I’m going to let you in on a little-know real estate investment tip. Forget California, New York or the sunny shores of the Caribbean, the real money to be made is in C-suite real estate. For years C-suites were stable, with roomy offices and square footage to spare. There were the big three: the CEO, CFO and COO. As IT went from an esoteric handful of engineers to an equally esoteric swarm of techies, along came the CIO to oversee them.

Things were going fine, and then marketing wanted their corner office and added the CMO (Chief Marketing Officer) to the mix. Worried about its recently won turf and not to be outdone, IT added the CTO (Chief Technical Officer). As the C-suite captains fought over closet space, the world suddenly became a more dangerous place, and the CRO (Chief Risk Officer), CSO (Chief Security Officer) and CCO (Chief Compliance Officer) muscled their way into the C-suite. With things growing disorderly, the CPO (Chief Process Officer) arrived on the scene, developing processes to ensure the CFO’s adding machines were not getting in the way of the CRO’s 18-volume risk management plan.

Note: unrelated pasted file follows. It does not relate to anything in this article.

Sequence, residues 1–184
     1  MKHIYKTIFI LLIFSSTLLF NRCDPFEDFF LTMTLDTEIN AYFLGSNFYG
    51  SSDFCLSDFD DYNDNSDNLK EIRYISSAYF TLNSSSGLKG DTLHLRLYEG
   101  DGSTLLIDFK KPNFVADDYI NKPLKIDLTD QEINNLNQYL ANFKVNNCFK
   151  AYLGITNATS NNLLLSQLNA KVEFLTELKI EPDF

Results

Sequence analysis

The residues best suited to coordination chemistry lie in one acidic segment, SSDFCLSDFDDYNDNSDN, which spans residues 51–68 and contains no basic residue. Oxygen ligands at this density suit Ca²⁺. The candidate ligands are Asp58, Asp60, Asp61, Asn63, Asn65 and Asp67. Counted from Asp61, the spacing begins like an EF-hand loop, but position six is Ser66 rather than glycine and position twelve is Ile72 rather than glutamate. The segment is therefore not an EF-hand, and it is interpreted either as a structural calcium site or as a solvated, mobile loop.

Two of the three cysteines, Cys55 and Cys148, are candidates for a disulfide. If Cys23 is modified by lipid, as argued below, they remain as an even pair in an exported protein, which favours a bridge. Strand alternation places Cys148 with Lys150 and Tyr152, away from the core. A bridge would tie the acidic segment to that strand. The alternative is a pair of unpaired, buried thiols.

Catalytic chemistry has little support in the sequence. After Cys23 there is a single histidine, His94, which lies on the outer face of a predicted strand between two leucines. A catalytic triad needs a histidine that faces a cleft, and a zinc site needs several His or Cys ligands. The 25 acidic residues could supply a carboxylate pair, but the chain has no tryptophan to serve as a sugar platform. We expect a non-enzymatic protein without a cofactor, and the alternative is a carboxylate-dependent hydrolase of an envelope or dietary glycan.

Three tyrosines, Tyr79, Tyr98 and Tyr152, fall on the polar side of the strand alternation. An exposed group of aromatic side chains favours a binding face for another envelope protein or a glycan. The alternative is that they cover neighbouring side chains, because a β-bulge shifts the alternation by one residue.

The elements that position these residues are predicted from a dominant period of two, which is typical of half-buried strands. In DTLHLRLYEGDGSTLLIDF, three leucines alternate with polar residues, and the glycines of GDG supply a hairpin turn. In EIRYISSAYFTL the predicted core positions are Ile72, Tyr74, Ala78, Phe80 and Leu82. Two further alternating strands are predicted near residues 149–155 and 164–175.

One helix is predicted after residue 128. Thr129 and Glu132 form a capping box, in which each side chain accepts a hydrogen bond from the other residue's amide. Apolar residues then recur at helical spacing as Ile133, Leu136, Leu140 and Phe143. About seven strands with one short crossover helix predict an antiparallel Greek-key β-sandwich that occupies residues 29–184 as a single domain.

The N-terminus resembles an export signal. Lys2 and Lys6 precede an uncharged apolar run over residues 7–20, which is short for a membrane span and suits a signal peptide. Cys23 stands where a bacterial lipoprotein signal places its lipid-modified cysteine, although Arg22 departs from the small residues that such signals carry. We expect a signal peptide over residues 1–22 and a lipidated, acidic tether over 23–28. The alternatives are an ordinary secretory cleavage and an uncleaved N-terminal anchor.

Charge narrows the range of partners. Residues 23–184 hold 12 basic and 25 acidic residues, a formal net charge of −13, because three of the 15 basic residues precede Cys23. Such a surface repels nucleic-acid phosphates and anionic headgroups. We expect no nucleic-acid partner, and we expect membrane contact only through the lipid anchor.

With no end to the insanity in sight, the latest and perhaps strangest addition to the C-suite is the CBO (Chief Blogging Officer). Just when I thought blogging had finally made its way through the hype cycle, the CBO arrives on the scene. Make no mistake, there are loads of people blogging and it is an effective communication medium that companies can use to speak with their employees and customers. Despite this, elevating blogging to the C-suite is similar to having a Chief Telephone Officer, or Chief Paper Officer when your problem is ineffective corporate communication.

The key to blogging, like any other media, is the message rather than the media itself. Corporate blogs that deliver a legal-sanitized message once every six weeks are as ineffective as press releases whose meaning is shrouded in corporate-speak and legalese. The solution to better communication internally and externally is making effective messaging a company priority, embedded at all levels of the corporation, rather than yet another CdjO (Chief du jour Officer)!

Monetizing Social Networking